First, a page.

Regarding Robert van Lier's HP support issue - you are lucky that HP already has a driver out for 10.5 at all. I would call again and, if there's another technician, pretend to be a slightly computer-challenged person using Windows XP.

May. 30, 2009

item.93029

MacInTouch Reader

HP support is horrible. A while back I had to contact HP support for a piece of equipment I used at work. I had a simple question which they could not answer. Also, I could hardly understand the person through their heavy accent. I vowed then that I would never own anything HP. Next time I had to replace that piece of equipment I demanded another source. So far I have switched many, many people at work and elsewhere to steer clear of HP. The could care less about Mac users and customers in general. I won't support them, that is for sure.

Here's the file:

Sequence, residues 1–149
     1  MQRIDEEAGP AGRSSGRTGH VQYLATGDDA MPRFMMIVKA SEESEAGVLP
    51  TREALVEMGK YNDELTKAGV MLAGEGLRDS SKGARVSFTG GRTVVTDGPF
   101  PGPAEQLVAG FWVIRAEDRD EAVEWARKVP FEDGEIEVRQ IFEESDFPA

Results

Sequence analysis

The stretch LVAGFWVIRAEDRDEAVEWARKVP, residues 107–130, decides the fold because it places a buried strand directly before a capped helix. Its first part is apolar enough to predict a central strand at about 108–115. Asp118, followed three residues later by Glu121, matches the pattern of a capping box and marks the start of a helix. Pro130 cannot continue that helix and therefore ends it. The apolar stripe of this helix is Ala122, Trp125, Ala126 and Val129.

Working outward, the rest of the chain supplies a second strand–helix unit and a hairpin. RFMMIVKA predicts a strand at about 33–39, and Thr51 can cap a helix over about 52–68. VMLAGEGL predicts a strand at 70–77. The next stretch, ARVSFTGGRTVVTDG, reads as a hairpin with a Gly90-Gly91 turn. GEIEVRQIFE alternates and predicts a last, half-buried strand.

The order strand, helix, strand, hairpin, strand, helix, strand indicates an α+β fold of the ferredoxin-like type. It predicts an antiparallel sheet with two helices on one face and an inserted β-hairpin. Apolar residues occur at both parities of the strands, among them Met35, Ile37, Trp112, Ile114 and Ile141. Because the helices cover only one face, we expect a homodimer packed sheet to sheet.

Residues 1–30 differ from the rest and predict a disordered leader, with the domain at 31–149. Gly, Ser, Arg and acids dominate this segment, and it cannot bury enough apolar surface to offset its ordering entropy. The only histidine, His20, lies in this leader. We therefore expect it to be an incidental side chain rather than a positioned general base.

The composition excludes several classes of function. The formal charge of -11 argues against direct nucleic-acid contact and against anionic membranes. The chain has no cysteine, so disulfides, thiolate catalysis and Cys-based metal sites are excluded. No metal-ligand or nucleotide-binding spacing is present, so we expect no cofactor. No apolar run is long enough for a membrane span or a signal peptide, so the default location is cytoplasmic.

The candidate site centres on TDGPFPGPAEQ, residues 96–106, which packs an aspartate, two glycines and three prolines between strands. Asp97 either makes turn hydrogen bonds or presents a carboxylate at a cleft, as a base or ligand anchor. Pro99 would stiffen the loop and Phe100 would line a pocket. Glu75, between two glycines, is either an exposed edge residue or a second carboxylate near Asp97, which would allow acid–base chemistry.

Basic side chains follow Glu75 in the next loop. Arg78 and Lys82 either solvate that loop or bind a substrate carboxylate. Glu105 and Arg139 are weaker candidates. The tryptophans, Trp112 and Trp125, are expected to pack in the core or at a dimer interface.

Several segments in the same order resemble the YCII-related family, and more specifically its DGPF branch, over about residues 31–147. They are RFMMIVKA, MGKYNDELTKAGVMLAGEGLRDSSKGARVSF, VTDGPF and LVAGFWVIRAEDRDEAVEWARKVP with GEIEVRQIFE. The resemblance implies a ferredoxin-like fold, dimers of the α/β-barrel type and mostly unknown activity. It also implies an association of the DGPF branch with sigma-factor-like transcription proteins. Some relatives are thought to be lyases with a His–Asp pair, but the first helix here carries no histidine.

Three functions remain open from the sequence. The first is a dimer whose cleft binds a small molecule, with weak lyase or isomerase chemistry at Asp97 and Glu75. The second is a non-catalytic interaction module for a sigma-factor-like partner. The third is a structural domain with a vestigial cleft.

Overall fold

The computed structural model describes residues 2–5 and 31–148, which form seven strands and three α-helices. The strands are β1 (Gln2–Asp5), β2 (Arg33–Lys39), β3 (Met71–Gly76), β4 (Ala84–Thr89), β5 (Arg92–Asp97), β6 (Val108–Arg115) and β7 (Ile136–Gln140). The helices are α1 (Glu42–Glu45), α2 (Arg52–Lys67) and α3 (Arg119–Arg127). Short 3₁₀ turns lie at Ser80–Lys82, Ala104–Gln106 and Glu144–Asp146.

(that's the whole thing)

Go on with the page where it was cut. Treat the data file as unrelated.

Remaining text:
Jun. 1, 2009

item.93054

Gregory Tetrault

MacInTouch Reader said: "HP support is horrible...."

I needed HP support for a 23" LCD a year or so ago, and the support was good. I explained the nature of the problem, the agent immediately diagnosed a power switch failure, and HP shipped me a new LCD (with a prepaid label for returning the original).

It appears that HP outsourced support in the recent past and did a poor job of training and managing the foreign support personnel. I had already given up on HP printers and scanners. It may be time to write off HP altogether.

item.93114

Robert van Lier